Thursday, March 29, 2018

The Dark Shadows Daybook: March 29


Taped on this date in 1968: Episode 464

After Angelique’s painting causes Roger to refer to Julia as a frenchwoman named “Countess Natalie,” a knock at the door signals the arrival of the man who was supposed to buy the portrait: a fastidious occult expert named T. Eliot Stokes. Smelling salts are passed out for the women, all of whom must be gently informed by Julia that this is what a Real Man looks like. He has deep knowledge of the life of his ancestor, Ben, and Barnabas is shocked by his suspicion that Vicki has paranormal insight into the 1790’s. Barnabas later bites Victoria, and when Julia discovers this, she threatens him with exposure.

Upon returning from 1795, the show moves at a rare, brisk pace, piling on new choices, twists, and vital characters with zesty abandon. Nothing stimulates the imagination for writing like writing, itself. It’s as if the mythic level of 1795 gave them permission to think big, and the form-free liberty of 1968 gives them room to explore the results. In just four episodes, we have Carolyn rebelling against Barnabas, Victoria finally under the control of the vampire, portents of the return of Angelique, and now, the arrival of one of the show’s most memorable characters, the fabulous T. Eliot Stokes.

The domination of Victoria is the most profoundly symbolic shift for the show since the arrival of Barnabas. Maybe more than that. It’s one thing to quietly swap protagonists. It’s another to have the new one enslave the former protagonist and use her as walking juice box. Victoria started out as a raven haired Nancy Drew, and it’s sad to see her devolve into little more than a bewildered victim. In the face of characters who are built to be more interesting, the focal shift is inevitable. The fact that she is being consumed as literal fuel by and for the new lead is a beautiful, poignant irony. Barnabas, you truly do drink her milkshake.

Barnabas needs all of the blood Wheaties he can eat for this one. The shock of seeing Professor Stokes is either the best thing or the worst thing he’s encountered in this week from hell. The fun of the (re)union scene is watching him try to figure out which end of that spectrum it will be. Just as he needed a physical strongman in the 1790’s, now he needs a paranormal heavy lifter. But with that brilliance comes autonomy, and that’s the last thing he needs in his associates with Angelique in the offing. 

From his entrance, Thayer David establishes a clear, confident, and charming character in Professor Stokes. The existence of Stokes also creates profound change in the fabric of the DSU. Up to this point, you either had civilians, who had no idea what was going on or antagonists, who usually only had slightly more of an idea of what was going on. Stokes changes that, and does so with great wit and seasoned cockiness. No one other than T. Eliot Stokes delivers exposition with greater gravitas, and no one has better judgement about when to look evil in the eye and tell it to catch that one and paint it green.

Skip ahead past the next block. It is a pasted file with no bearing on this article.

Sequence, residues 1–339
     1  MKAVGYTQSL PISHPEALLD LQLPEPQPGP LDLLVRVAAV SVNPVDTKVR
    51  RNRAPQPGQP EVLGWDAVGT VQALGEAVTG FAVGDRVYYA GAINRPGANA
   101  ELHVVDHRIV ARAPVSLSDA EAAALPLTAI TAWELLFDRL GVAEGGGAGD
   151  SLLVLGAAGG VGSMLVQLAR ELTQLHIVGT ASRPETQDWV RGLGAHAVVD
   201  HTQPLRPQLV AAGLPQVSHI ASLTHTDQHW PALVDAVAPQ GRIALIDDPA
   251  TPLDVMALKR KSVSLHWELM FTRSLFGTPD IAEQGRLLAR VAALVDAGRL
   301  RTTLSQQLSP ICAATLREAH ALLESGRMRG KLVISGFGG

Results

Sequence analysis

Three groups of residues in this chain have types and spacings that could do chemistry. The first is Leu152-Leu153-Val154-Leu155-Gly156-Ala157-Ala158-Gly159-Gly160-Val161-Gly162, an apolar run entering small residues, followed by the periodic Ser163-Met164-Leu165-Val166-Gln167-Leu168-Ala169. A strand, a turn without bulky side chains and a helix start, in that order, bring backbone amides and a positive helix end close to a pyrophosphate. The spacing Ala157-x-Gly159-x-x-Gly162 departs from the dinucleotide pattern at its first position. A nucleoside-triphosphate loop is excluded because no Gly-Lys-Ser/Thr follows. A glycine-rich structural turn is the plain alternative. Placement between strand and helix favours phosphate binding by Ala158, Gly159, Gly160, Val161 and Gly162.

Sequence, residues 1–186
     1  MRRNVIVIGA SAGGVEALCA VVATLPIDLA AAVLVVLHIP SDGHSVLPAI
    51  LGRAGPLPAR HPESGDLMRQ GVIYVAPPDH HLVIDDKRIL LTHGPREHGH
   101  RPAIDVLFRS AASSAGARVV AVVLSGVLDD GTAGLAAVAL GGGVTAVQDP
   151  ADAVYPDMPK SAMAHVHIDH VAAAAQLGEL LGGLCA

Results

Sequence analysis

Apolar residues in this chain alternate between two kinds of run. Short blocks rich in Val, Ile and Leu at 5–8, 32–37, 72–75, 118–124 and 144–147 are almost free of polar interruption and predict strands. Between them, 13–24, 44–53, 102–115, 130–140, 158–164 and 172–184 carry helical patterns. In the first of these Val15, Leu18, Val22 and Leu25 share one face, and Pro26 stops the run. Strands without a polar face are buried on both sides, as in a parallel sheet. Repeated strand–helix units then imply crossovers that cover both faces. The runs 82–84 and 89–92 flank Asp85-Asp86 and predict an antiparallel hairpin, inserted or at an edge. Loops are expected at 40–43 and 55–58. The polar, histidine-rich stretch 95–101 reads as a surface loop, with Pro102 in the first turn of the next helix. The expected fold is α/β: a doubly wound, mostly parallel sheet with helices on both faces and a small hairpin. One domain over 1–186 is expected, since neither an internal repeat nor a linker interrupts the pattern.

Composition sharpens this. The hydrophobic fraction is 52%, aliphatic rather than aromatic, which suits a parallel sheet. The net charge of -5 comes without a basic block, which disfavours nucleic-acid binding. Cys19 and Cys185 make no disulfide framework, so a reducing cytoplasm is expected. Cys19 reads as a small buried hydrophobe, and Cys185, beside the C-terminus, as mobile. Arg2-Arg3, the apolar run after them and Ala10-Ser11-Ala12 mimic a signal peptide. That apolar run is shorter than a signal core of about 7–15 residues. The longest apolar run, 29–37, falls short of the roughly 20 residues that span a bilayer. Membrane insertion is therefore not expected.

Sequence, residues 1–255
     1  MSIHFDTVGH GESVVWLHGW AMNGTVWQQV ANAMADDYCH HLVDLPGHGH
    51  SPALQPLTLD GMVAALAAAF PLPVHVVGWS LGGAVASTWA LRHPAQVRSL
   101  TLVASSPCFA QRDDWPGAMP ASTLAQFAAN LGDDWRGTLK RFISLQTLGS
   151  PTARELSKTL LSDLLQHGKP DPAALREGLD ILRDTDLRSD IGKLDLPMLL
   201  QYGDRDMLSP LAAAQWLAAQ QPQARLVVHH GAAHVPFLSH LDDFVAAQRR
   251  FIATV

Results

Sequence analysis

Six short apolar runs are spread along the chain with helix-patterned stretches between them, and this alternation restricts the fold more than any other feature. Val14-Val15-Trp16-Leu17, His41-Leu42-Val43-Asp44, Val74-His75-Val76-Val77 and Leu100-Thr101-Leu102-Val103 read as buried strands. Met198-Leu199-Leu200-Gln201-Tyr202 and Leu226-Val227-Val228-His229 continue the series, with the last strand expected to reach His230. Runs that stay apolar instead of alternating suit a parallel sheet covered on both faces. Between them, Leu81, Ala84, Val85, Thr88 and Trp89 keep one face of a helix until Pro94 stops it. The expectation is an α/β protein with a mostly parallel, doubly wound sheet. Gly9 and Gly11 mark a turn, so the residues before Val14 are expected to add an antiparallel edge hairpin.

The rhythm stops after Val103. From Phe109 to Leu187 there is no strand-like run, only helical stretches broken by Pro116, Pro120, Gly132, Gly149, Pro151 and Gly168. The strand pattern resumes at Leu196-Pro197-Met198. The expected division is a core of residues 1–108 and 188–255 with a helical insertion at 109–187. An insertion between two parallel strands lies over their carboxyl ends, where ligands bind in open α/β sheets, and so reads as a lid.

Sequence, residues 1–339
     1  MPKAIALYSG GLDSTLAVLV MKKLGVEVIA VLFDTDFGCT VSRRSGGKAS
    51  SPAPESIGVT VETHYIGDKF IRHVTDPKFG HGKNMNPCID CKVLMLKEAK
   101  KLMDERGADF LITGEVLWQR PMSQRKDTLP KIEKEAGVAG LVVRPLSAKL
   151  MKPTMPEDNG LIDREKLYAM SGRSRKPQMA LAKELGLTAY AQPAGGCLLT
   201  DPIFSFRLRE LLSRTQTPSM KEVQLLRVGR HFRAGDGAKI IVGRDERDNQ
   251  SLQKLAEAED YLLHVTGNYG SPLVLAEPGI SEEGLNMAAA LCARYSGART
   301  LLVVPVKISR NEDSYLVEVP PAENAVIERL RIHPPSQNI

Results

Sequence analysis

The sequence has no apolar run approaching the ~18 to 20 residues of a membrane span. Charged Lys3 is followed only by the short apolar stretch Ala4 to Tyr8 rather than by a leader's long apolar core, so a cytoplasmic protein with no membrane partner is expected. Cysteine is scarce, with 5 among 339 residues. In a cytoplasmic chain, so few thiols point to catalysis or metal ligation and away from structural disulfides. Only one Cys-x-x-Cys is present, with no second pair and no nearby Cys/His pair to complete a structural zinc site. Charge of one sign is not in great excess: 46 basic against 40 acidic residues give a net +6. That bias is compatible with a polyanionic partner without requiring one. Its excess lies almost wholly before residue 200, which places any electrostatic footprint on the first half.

On this day in 1968, Lucy Lawless was born. The connection? She played Xena: Warrior Princess. Maybe… just maybe… this is a character who could have landed Stokes and kept up with him.


Wednesday, March 28, 2018

The Dark Shadows Daybook: March 28


Taped on this date in 1968: Episode 463

Vicki and Elizabeth find Peter’s grave, establishing that he died shortly after she left 1796. Later, they buy a painting that, to Barnabas’ horror, is Angelique! Under increased pressure, Barnabas summons Carolyn from a date with Tony, ruining it even further. Tony misinterprets Barnabas’ mouth on Carolyn and assumes they’re dating. Carolyn, humiliated, begs Barnabas for her freedom. He dismisses her and tries to burn the painting of Angelique. With the sound of her laughter ringing overhead, Angelique’s painting reassembles itself.

There are just some days when you can’t get rid of a portrait of Angelique. If I were Barnabas, I’d cover the doormat with the painting and watch it repel dirt, stains, and pet odors with its supernatural resilience. Just line a trash can with it. Anything you throw on it is going to vanish as it recycles itself. If Angelique had patented this, it would have been the marvel of the age. She would have had her pick of the gents.

463 is a marvelous place to start the series. Thus far, this has been all about ghosts (or their equivalents) recreating the past, culminating in 1795. Now, we enter a new frontier of nuttiness as agents of the past arrive and take action as new immigrants to the future. They’re building forward more than redressing yesterday. When Barnabas arrives 1967, he just wants his house and engagement back as they were. Now, this is no longer the case with ambassadors from the past. By 1968, not only does Angelique want Barnabas back (or to punish him… or both) but she wants to take over Collinwood and create a master race with Nicholas. This is what makes this phase of the series so unusually exciting. They’ve established the major players. We’ve seen the rituals that made them who they are. Now, free, they can and do anything. Because the Maggie kidnapping/Barnabas aging/1795 arc is at the front of the syndication package, I feel like that’s where DS starts and stops for most people. But for me? This is where the adventure begins.